[mythtv-users] Coax splitters - how painful are they?

Todd mythtv at vbref.org
Sat Sep 29 04:30:53 UTC 2007

"R. G. Newbury" <newbury at mandamus.org> writes:
> Well I DO NOT FEAR a visit from the FAA....it would be the DoT up here 
> in the 'frozen north' (that describes our bureaucracies not our weather!)
> Seriously, I want to combine a cable feed and an antenna through 
> combiner, and feed one coax to the TV. Either feed alone is fine and I 
> can switch them, but through a (cheap) combiner I get nothing
> watchable.

Hi RG, 

This occurs because it's quite a complex engineering issue.

You're trying to frequency division multiplex two broadband RF
signals.  Nothing cheap is going to do it.  To do it right, you need
to at least downconvert the OTA channels (which I believe would
require one tuner per channel) and then modulate them up into a
frequency slot that's unused on the cable feed.  The math and the
physics are not pretty.  It actually might be worse than that-- you
may need one radio (tuner) per station to pull this combining off

> Both signals have already been split: the cable coax to feed the 
> mythbox, and the antenna has already been boosted (by a medium-cheap)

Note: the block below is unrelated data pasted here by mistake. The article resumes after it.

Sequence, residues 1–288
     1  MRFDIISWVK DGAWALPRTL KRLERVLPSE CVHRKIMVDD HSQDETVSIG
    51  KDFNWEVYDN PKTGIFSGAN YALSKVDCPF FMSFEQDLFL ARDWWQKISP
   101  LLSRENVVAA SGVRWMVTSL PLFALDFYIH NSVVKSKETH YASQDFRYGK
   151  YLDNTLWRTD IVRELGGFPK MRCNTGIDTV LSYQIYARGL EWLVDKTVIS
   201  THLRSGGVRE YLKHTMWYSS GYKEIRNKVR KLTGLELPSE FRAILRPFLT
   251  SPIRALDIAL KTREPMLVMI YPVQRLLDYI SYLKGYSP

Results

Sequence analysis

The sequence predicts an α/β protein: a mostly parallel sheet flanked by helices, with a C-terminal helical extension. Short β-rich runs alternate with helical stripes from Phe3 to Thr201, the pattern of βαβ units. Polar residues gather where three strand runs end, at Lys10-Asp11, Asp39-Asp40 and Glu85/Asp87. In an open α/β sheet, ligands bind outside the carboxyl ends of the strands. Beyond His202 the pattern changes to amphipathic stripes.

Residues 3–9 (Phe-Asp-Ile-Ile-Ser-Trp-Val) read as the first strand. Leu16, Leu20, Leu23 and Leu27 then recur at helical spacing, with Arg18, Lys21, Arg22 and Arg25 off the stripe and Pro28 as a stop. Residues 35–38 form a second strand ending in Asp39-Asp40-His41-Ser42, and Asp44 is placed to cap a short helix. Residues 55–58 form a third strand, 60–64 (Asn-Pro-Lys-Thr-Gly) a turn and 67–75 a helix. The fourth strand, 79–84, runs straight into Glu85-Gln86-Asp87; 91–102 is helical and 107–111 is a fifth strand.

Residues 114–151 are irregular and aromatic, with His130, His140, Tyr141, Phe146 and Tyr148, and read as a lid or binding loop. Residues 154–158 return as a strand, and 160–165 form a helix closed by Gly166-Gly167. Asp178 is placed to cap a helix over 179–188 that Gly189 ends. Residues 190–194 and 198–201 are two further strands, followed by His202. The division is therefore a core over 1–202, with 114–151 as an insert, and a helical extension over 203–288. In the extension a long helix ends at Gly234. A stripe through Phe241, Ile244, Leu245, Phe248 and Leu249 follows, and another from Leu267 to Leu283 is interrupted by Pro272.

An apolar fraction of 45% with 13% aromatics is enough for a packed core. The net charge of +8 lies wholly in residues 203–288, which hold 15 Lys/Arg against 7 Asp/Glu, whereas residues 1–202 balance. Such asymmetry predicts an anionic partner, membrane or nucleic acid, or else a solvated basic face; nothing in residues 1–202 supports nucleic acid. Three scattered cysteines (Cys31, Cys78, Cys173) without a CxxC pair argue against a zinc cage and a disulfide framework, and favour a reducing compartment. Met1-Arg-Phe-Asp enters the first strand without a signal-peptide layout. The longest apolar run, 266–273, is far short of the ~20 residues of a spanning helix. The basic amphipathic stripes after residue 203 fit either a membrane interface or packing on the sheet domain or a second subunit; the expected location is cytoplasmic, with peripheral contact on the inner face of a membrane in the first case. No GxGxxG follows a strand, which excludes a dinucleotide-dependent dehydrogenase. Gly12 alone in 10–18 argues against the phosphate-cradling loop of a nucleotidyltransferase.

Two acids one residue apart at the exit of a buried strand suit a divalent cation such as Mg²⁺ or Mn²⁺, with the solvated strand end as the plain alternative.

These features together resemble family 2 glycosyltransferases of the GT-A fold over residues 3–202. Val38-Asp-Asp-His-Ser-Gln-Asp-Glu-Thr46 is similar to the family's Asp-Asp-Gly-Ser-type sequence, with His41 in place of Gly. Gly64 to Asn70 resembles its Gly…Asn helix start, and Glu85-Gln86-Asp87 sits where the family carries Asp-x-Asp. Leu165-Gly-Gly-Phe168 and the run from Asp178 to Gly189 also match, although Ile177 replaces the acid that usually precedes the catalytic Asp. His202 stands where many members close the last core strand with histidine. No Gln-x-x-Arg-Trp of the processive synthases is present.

> amp, and split three ways, 2 of which feed the HDHR unit,
> This may not be the best setup.. I do not know. I do suspect that I need 
> better splitters than the el-cheapo's I had in the bottom of a box of junk.

I'd recommend dedicating a capture card to OTA, and a separate one to
CATV.  Then, if you want to also feed the TV with these signals for
watching them live, the right tool is a low tech co-ax switch.  Radio
Shack (or equiv) sells remote controlled ones.  Or if you have a an
a/v receiver or TV with multiple co-ax inputs that can be used as a
more elegant switch.  But combining broadband RF requires multiplexers
that cost thousands, best I can tell (they're used in large facility
closed circuit tv surveillance).  

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